“I found it fascinating to see up close how positive the role of the American Embassy can be and found that it was all I could have hoped for.”
Betsy Tobin traveled to Guinea to assist fellow artist George Sherwood with the installation of his kinetic sculpture Anemone of Eight Gyres, which was placed in the garden of the Residence of Ambassador Dennis Hankins in Caonakry, Guinea. During her week there, in addition to assisting Sherwood with the cross cultural exchange program that included studio visits and talks with local artists and students, and meetings with employees of the American Embassy in Conakry, Tobin did a presentation on her work, and on shadow theatre and video techniques. She also spoke to local actors and theatre directors at the National Museum.
To kick off the exchange program, Sherwood and Tobin met with local artists on Tuesday, which allowed them to create contacts with people, and generate interest in the activities that were planned for later in the week. They visited the Centre Culturel Franco Guineen, saw the current exhibition and met with the assistant director. They also met with artists/metalworkers at their “studio” on the sidewalk of a major boulevard. Later on, Sherwood and Tobin met with the actress Hadja and local artist Thiam at the Petit Musée. Tobin noted, “meeting Hadja on Tuesday at the Petit Musée was key as she helped to gather local actors and directors for the presentation / workshop I gave at the Musée National. The director of the Musée National also helped us to spread the word.”
The directors and actors at Tobin’s presentation were extremely enthusiastic about the work and techniques she shared. It was an introduction to techniques of shadow theatre and video projection that merge traditional techniques with contemporary practices. The artists at the workshop had never seen anything like it before and expressed the desire to work on a show together. “It was interesting for me to try to distill a presentation of my work into something that would be of interest to people from a different background in a different setting. Sharing the theatre work I do, the layering of imagery, shadows and video, with people who had never seen these techniques helped me to see it in a new way and generated some new ideas for how to use these techniques. It was fascinating to interact with local artists. For me it was truly an amazing and eye-opening experience to be in such a different culture. As someone who has worked with masks for many years, I also loved interacting with vendors and sculptors on the streets and learning more about the mask traditions of Guinea.”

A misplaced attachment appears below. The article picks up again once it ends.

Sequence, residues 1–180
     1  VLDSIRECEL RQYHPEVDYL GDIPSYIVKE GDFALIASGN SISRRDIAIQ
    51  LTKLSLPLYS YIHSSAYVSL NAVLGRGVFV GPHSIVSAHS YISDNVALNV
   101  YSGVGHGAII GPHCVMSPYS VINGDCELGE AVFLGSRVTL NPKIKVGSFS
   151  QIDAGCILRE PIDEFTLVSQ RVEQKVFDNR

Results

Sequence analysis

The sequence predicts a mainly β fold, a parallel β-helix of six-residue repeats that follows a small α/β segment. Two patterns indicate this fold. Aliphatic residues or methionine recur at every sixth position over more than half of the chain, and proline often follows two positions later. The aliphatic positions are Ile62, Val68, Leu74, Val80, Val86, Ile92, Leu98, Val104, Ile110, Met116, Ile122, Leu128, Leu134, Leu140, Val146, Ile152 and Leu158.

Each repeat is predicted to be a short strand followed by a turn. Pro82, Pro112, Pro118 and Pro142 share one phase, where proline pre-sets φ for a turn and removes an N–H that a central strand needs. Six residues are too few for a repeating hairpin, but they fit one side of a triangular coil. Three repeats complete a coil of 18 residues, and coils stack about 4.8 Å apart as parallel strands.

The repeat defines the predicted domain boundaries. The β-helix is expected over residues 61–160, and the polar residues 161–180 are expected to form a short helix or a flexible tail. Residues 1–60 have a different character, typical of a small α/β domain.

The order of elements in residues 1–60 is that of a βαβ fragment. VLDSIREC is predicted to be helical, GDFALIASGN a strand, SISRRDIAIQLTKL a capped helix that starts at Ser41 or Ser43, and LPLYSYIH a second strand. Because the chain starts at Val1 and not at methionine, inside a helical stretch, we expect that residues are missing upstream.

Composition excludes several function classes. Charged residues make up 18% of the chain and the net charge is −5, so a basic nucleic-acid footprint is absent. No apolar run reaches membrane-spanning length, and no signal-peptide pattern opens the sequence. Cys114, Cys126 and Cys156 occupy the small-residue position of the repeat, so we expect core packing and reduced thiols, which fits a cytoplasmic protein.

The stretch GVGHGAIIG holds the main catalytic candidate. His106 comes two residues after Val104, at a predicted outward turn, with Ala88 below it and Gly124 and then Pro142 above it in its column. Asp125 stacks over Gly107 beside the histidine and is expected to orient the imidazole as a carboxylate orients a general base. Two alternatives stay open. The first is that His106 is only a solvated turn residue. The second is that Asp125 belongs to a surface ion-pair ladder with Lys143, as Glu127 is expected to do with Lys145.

Tobin, who lives and works in Boulder, Colorado was surprised with the… “we’ll-make-art-no-matter-what-no-matter-how” attitude. As she explained, Colorado artists often complain about not having enough money and support from the community. In Guinea, the artists don’t have money to buy materials nor are there materials to be bought, so they make tools out of what they find on the streets and set up studios in parks or on sidewalks.” In addition to the very powerful exchange with the actors and directors during the different workshops,… “I found it very inspiring to watching the metalworkers on the sidewalk of a busy street using handmade tools and drawing designs in the dirt and the wood sculptors working with chisels made out of metal from windshield wipers.” At the end of the different workshops, Tobin donated the materials she had brought with her from the U.S., so the participants could continue the work they had started.